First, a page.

Subsequently in the next step S208, the data dd(r), dd(g), dd(b) or dd(y) formed in one of the previous steps S204 to S207 is stored as ith pixel display data in the ith address of the memory 7. Thereafter in a step S209, the count parameter i is incremented by 1 so as to process the next pixel. In a step S210, a decision is made as to whether the above process has been completed with regard to all pixels and, if any pixel is left unprocessed, the procedure following step S202 is repeated.

Thus, there is stored in the memory 7 the saturation information as the data dd relative to the color or luminance having the maximum level change in comparison with the preceding pixel.

In the first and second embodiments for carrying out the display data forming method mentioned above, the operations shown in FIGS. 2 and 7 may be performed continuously for each image. However, considering the horizontal correlation, it is desired that initialization be executed per line.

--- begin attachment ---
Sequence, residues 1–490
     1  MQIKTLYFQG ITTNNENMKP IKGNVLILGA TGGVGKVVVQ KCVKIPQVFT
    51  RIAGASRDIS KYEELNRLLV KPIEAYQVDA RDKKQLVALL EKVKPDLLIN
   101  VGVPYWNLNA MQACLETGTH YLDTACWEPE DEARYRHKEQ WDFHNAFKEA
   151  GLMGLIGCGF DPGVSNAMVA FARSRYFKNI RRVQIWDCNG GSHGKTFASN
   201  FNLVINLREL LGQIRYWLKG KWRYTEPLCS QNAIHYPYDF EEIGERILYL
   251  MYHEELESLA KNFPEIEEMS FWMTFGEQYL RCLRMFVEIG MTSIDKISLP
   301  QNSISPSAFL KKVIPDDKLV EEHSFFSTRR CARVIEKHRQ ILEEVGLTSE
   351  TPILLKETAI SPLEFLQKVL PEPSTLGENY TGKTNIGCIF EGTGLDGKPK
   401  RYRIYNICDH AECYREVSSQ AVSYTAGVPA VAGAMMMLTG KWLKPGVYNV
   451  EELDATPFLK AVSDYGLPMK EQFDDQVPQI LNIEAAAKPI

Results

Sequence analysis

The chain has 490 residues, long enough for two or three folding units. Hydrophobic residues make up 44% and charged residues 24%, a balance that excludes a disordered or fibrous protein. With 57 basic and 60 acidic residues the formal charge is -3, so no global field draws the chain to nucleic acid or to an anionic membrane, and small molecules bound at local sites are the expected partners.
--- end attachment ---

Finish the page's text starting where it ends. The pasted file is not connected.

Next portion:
In the steps S102 and S202, the present pixel data such as Ri is compared with the preceding pixel data Ri-1. However, for further error reduction, the data Ri may be compared with the original pixel data Rx corresponding to the latest display data dd(r) stored in memory 7 in step S107 or S207. And similar comparison may be performed with respect to any of the other original data Gx, Bx and Yx corresponding respectively to the latest display data dd(g), dd(b) and dd(y).

It is to be understood that the above-described method for forming the compressed data is merely an example, and that some other compressed data may be formed on the condition that m-bit data is obtainable by mapping the original data.